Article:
Social reinvestment, Woolies alcohol megastore, and dealing to make ends meet

The latest news from the Councils of Social Service of Australia.


The federal government’s recent cut to the coronavirus supplement, passed by parliament last week, will make the Christmas season even more difficult for the nearly 2 million people currently out of paid work, as well as the more than a million children in these families .

Dr. Cassandra Goldie, CEO of ACOSS, said, “There is currently only one vacancy for 11 people looking for a job or more paid hours, and even fewer jobs in regional areas. Despite record high unemployment and underemployment, the government is cutting income support to $ 50 a day at Christmas time, almost bringing us back to the old, brutal Newstart rate of $ 40 a day. This is not the way to restore economic confidence for the country to recover from the recession. Both people and the economy need security in order to be able to rebuild. “


ACTCOSS partnered with Women with Disabilities ACT and People with Disabilities ACT on United Nations International Day of People with Disabilities 2020 to urge the federal and ACT governments to do so step up their efforts towards an inclusive and accessible Canberra.

ACTCOSS welcomed that ACT Corrective Services Disability Services Action and Inclusion Plan, and expressed concern about a ACT Inspector of Correctional Services report via the ACT Court Transport Unit (CTU), which pointed out insufficient training of CTU officers, unsuitable vehicles and risks for children and young people.


WACOSS is a member of Social Reinvestment WAwho have favourited partners on the Olabud Doogethu Project – WA’s first Justice Reinvestment Facility in Halls Creek, co-designed and run by 11 Aboriginal communities and the Shire of Halls Creek. They recently celebrated the success of the project, which reduced the number of break-ins by 58 percent in the first 18 months. Together, they share their vision of smart justice, healthy families and safer communities.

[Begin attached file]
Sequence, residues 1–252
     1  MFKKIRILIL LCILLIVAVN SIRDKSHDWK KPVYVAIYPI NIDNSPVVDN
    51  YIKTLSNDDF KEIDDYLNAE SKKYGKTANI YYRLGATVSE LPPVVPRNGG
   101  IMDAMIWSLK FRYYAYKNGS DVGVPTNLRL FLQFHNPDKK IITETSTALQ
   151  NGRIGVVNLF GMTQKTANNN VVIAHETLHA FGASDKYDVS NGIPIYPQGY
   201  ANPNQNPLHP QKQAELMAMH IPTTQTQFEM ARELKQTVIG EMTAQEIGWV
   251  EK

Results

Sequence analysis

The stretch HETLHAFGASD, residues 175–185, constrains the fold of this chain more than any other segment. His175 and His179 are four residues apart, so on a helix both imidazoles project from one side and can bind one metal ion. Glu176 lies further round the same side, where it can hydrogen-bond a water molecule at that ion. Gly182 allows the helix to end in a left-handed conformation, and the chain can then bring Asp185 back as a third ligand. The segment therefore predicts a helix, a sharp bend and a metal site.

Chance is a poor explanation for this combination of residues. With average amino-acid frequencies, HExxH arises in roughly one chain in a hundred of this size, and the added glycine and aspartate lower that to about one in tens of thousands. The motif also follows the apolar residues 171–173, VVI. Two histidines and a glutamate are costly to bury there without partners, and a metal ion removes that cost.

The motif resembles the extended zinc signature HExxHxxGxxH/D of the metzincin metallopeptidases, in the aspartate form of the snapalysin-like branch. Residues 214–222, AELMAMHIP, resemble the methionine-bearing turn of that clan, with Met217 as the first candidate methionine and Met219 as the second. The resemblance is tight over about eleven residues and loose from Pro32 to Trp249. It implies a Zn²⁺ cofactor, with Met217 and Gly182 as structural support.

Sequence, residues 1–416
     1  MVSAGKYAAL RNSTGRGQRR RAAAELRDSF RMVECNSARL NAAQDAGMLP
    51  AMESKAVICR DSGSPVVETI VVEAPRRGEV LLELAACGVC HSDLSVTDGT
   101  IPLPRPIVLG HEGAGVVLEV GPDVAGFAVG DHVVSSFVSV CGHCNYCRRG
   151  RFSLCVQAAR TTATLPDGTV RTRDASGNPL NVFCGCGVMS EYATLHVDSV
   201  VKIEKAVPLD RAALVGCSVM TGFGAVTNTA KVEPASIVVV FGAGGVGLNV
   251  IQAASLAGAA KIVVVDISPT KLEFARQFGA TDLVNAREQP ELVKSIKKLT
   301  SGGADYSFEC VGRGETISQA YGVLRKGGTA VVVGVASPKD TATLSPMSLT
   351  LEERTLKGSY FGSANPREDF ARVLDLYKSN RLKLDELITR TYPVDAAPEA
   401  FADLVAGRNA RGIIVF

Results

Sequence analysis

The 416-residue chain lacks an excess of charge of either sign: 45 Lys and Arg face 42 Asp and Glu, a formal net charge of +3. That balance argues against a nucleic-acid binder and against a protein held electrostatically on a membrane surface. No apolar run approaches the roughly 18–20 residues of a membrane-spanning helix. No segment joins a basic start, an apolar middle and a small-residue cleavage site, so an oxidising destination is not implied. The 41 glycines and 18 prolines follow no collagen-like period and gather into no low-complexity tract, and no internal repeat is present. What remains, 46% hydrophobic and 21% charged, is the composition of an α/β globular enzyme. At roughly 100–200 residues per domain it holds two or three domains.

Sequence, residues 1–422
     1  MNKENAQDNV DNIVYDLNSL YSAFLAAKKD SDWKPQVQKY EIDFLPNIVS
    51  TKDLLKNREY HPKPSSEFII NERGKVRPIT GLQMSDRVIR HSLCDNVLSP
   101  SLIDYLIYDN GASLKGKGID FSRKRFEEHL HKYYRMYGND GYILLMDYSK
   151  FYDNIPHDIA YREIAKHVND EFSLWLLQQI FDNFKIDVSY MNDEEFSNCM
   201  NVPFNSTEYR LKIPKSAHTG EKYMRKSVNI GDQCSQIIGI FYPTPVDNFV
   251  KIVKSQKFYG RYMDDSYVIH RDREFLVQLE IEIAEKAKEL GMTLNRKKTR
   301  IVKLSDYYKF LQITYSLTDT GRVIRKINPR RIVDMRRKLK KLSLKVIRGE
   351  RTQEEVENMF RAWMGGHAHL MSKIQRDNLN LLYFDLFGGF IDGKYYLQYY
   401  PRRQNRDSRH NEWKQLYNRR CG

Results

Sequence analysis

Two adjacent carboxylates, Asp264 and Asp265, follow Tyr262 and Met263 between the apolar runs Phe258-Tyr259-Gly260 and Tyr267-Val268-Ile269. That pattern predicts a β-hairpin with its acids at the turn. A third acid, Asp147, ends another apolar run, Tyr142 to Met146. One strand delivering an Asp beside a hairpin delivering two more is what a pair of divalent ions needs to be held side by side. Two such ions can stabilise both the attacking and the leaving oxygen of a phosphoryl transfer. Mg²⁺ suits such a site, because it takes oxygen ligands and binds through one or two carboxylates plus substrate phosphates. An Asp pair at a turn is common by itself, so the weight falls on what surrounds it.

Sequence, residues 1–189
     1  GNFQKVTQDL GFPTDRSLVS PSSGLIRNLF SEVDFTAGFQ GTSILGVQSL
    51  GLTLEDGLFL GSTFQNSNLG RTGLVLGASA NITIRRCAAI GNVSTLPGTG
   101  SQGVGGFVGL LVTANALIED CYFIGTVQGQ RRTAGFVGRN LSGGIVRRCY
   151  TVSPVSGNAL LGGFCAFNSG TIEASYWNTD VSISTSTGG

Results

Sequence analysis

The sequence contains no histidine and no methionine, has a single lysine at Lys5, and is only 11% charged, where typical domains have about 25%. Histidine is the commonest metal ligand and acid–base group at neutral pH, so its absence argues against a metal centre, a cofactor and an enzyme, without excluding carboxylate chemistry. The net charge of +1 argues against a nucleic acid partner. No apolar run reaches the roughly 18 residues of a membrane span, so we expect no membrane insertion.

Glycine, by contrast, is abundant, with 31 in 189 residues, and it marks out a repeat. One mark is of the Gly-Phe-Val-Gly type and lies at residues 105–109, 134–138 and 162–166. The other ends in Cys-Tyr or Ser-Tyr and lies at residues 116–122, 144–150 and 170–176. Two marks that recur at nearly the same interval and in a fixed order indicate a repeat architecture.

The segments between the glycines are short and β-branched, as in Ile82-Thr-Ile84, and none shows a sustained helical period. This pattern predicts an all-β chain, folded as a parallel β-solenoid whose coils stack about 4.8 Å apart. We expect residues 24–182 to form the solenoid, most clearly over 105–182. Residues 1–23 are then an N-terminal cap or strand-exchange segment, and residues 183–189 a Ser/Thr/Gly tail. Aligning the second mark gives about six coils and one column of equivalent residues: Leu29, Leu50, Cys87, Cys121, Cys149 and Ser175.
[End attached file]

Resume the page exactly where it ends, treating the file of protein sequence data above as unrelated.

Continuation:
SACOSS held his Working to get to the end of the conference On Wednesday December 9th, a fantastic group of moderators gathered to discuss the challenges facing poor households. It looked at the causes of wage poverty, the rise of a post-COVID economy, and how to address people slipping through the gaps.


view the latest video DCJ Assistant Secretary Simone Walker and NCOSS CEO Joanna Quilty discuss budget highlights and how budgeting results puts customers at the center of funding decisions. If you missed it Here is the NCOSS post-budget event record.


VCOSS shared new data This shows that household spending was actually higher in some of Melbourne’s poorer suburbs during the lockdown, which helped keep the economy alive. How could that be? It found that increasing JobSeeker to a reasonable price actually enabled low-income people to spend money on basic necessities, shop in local stores, and purchase household items they could not previously afford. Another reason to permanently increase the JobSeeker rate.


QCOSS visited the member organization Communicate Queensland Over a dozen volunteers are busy here donating food, toiletries, books, and children’s toys to help people who need extra help over Christmas. Families who have signed up can choose from a range of merchandise on Communify Christmas Market Day this Wednesday, when the community gathers for a barbecue.


NTCOSS shared a message from John Paterson, CEO of Northern Territory of the Aboriginal Medical Services Alliance, Who’s worried about the new Woolies liquor megastore in Darwin: “I ask the board of directors, the board members of Woolworth, will you come and help us clear the mess? It has to stop! And we will continue to work day in and day out to ensure that this liquor store no longer operates. “#Putpeoplebeforeprofits


Read the information from TasCOSS CEO Adrienne Picone Preface by doing Tasmanian Chamber of Commerce and Industry, Tasmania Report 2020, in which she stated, “Many of us, including our Prime Minister, define the success of our state as encompassing both the good health of our people and the good health of a strong economy. These two elements are inextricably linked in our minds, as they may not have been in the past 12 months. Our physical and mental safety and wellbeing have been at the forefront of our state’s and the wider community’s response to the pandemic. “

This article was written by ACOSS Community Hub.

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